Tuesday, November 17, 2009

Is it 'libertarianism' or is it 'anarchy'?

Is it 'libertarianism' or is it 'anarchy'?

A common theme in comments is that what I am advocating is not "libertarianism", but "anarchy".

Libertarians seek to maximize personal freedom while minimizing government interference in the lives of individuals. Zero is the absolute "minimum". Nothing achieves that better than anarchy, in fact, nothing else even has a chance.

I am not speaking of "hyphenated" libertarians or anarchists, since that hyphen only exists in order to negate the "anarchy" and "libertarianism". Whatever is added by that hyphen makes the combined word mean something completely counter to the original word. You may as well substitute "Un-" in every case. (It's like that silly advertising slogan "There's strong, and then there's 'Army strong'")

Anarchy is libertarianism in full bloom; carried to its logical conclusion, with all the inconsistencies stripped away. It is not an either/or situation. If you claim libertarian status, but don't consider yourself an anarchist, you are being inconsistent somewhere. You are lying to yourself or others for some reason. Which basic human rights do you not want others to exercise? Which government function do you consider important enough to kill innocent people in order to finance or carry out?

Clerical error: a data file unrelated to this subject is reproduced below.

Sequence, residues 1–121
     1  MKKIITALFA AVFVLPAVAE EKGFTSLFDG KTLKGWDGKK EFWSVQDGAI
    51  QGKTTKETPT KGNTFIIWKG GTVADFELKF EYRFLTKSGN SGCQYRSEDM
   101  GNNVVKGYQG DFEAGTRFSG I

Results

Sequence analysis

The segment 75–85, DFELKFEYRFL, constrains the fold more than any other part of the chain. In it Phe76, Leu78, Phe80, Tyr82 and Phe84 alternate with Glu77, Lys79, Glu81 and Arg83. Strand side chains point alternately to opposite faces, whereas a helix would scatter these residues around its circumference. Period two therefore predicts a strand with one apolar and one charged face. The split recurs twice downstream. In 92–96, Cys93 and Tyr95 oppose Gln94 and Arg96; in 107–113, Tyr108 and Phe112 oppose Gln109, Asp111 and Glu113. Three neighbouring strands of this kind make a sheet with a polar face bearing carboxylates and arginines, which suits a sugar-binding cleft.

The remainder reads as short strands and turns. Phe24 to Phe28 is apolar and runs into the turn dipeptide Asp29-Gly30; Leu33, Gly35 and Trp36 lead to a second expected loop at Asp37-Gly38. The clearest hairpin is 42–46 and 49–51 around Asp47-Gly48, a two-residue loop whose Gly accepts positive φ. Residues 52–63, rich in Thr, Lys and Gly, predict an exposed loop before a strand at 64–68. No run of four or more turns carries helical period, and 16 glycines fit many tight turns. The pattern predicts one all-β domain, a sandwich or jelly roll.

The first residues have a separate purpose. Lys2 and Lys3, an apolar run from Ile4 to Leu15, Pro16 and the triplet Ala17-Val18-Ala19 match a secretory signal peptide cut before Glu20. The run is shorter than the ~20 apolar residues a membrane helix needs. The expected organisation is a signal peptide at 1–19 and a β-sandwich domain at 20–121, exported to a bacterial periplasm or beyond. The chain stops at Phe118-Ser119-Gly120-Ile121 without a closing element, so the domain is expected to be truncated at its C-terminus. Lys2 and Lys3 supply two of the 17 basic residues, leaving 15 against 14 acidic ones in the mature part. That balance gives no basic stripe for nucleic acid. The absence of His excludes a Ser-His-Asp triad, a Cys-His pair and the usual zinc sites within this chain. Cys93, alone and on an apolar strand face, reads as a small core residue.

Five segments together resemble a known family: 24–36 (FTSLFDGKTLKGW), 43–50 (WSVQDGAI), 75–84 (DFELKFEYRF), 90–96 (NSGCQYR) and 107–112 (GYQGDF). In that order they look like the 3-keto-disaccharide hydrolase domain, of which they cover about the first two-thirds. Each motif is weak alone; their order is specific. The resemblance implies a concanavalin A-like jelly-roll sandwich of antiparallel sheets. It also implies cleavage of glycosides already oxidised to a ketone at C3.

Some might claim that you need to have some amount of externally-imposed-by-force government around in order to protect the freedom of the individual. How much government does that take? How do you keep that optimal amount of government constrained? Why has nothing designed to constrain that "perfect amount" of government ever worked? Could it be that by its very nature government always grows and becomes draconian? I have yet to see any evidence that suggests otherwise.

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